BUSINESS TAX FACTSHEET
Many international businesses are setting up operations in Australia as they have long recognised it is an attractive place to do business thanks to its stability, economic strength and laws protecting business and employees.
Australia's business governance is, however, complex. There are many different levels of tax and levies that are applicable to business owners. We've summarised the main areas you need to comply with when taking on employees in Australia.
This is not a exhaustive list: we strongly urge any company considering an Australian branch or wholly owned subsidiary to get proper advice from an accountant or Australian business advisor.
All Australian businesses are required to withhold tax from their employee's wages and remit this to the Australian Tax Office.
This information is reported (and paid) via a Business Activity Statement on a monthly or quarterly basis.
Business are also required to prepare an annual statement and PAYG payment summaries for the ATO and their employees. Information about tax tables, and progressive tax rates can be obtained from your accountant.
All Australian companies are required to make contributions to an employee's chosen superannuation fund at a rate of at least 9.25% of their salary or wage.
The contributions must be paid into their accounts within 28 days of the end of each financial quarter of the Australian financial year. If a payment isn't made, the ATO can impose severe penalties, so it is important to pay on time.
Each state in Australia requires a payroll tax to be levied on the value of wages paid by an employer. The amount of tax varies from state-to-state at different thresholds and is influenced by a range of factors such as:
- where the employee is located
- the state the business ABN is registered
- where wages are paid and
- where services are performed.
Payments to independent contractors can also be included within wages subject to payroll tax.
The table below shows the annual rates and thresholds that are applicable to each state (current as at 01 February 2014):
Australian companies are liable for a fringe benefits tax at an effective tax rate of 46.5% when some non-cash benefits are provided to employees in lieu of wages or salary but which are relevant to their employment.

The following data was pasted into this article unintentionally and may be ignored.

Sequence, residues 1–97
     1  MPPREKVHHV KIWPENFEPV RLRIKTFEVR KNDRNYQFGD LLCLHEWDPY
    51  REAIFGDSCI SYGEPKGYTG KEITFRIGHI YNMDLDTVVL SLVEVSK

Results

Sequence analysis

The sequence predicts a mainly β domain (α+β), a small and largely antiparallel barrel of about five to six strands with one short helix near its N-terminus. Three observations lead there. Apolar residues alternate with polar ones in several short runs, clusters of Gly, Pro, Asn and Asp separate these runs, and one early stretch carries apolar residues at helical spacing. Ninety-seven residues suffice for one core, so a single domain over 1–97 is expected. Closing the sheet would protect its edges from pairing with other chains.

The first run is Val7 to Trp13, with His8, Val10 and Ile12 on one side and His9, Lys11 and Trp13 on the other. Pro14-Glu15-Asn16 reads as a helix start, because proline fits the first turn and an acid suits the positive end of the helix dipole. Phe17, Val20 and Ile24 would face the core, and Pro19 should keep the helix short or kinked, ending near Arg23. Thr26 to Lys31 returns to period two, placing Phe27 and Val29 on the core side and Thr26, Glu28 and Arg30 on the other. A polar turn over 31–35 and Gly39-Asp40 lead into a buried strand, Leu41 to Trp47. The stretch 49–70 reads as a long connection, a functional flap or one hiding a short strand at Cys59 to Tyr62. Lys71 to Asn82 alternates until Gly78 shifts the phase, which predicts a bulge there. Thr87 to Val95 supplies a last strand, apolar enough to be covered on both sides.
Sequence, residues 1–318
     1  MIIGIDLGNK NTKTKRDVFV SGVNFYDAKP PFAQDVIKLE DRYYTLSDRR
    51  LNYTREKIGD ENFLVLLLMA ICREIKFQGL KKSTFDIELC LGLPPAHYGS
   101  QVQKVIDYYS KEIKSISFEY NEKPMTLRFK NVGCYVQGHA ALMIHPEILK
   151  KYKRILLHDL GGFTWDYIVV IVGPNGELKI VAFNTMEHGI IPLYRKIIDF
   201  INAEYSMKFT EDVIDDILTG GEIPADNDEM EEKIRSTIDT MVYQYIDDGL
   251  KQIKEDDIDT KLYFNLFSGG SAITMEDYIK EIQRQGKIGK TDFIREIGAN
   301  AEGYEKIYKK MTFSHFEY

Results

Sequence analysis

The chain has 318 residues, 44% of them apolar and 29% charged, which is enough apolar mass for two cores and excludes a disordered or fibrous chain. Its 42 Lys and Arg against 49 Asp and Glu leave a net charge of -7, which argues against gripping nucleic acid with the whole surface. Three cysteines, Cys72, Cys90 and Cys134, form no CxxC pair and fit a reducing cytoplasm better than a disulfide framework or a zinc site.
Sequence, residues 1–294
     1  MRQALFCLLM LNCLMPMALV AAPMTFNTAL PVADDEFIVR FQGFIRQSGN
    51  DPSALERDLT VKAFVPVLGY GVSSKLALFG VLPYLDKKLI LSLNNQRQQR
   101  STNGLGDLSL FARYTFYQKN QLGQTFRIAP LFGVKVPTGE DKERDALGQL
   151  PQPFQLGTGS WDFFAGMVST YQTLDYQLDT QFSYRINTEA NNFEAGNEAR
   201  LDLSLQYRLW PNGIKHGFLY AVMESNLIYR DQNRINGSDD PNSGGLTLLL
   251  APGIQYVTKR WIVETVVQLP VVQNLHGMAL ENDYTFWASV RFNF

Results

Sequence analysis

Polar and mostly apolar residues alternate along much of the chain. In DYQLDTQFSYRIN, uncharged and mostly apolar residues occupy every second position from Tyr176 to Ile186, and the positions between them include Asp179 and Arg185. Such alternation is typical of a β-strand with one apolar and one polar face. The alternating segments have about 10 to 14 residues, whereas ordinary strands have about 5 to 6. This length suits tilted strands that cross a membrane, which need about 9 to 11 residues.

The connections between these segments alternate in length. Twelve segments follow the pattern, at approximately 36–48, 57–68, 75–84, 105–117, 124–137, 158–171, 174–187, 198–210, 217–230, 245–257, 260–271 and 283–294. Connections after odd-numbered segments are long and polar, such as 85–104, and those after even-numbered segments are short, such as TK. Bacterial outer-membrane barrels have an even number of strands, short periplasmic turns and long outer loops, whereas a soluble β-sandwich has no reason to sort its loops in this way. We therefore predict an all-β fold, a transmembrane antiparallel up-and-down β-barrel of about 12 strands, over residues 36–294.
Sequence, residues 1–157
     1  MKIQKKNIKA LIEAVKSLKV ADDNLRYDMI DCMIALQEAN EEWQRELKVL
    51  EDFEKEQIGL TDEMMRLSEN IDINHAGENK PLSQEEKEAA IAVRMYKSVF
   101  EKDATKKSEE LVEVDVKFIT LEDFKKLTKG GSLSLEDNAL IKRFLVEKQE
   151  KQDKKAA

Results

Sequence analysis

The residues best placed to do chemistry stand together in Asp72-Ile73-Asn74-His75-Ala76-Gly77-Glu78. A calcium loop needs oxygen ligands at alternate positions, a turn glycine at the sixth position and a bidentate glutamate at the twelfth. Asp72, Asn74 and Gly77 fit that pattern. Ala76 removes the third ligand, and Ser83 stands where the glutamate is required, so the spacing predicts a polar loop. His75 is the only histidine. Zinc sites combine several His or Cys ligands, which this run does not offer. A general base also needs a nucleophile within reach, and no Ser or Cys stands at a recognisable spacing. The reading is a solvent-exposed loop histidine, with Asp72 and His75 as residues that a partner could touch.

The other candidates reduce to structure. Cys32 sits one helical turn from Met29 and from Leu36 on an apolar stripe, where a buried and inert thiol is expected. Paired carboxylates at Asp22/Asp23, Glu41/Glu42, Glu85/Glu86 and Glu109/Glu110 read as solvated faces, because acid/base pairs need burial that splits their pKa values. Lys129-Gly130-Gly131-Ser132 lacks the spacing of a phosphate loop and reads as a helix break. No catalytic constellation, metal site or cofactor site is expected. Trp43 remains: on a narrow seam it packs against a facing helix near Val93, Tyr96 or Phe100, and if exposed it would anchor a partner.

It is possible to structure some benefits, such as motor vehicles and superannuation contributions to ensure they are not subject to the maximum marginal tax rate, however you should work with your accountant to do so.
If you second foreign employees to Australia, there might be some significant tax exemptions you can provide, however you should discuss this with your accountant first.
Workcover is a state-by-state scheme that provides protections to workers in the event they are injured in their workplace. Each state manages its own Workers Rehabilitation & Compensation Scheme, however it is funded by a levy that is relative to the type of industry your business operates in.
As an employer, you are required to pay the levy and each year, reconciliation is done to determine whether you are paying the correct amount.
As with any business venture, managing risk is essential. Public Liability Insurance is an important part of protecting your business against the financial risks of a range of issues that could occur to third parties involved in your business - injury or death, loss or damage to property and economic loss that may result from business negligence.
If you have any doubts about what is and isn't covered, it is essential to get advice, particularly if you are required to have public liability insurance for specific trades or you're in a specialist industry.
Bates Cosgrave has an extensive knowledge and library of matters relating to setting up in Australia and the implications of International and cross-border tax. Please visit our International tax page and website resources sections for more information.
However we strongly recommend speaking to one of our experienced consultants about employment related tax matters so that you can get the right advice for your business.
Contact us on 02 9957 4033 for a confidential discussion or email our team
with your query.
Download PDF version: Australian Employment Tax
Last updated February 2014. This factsheet is provided for information purposes only and is correct at the time of publishing. It should not be used in place of advice from your accountant. Please contact us on 02 9957 4033 to discuss your specific circumstances.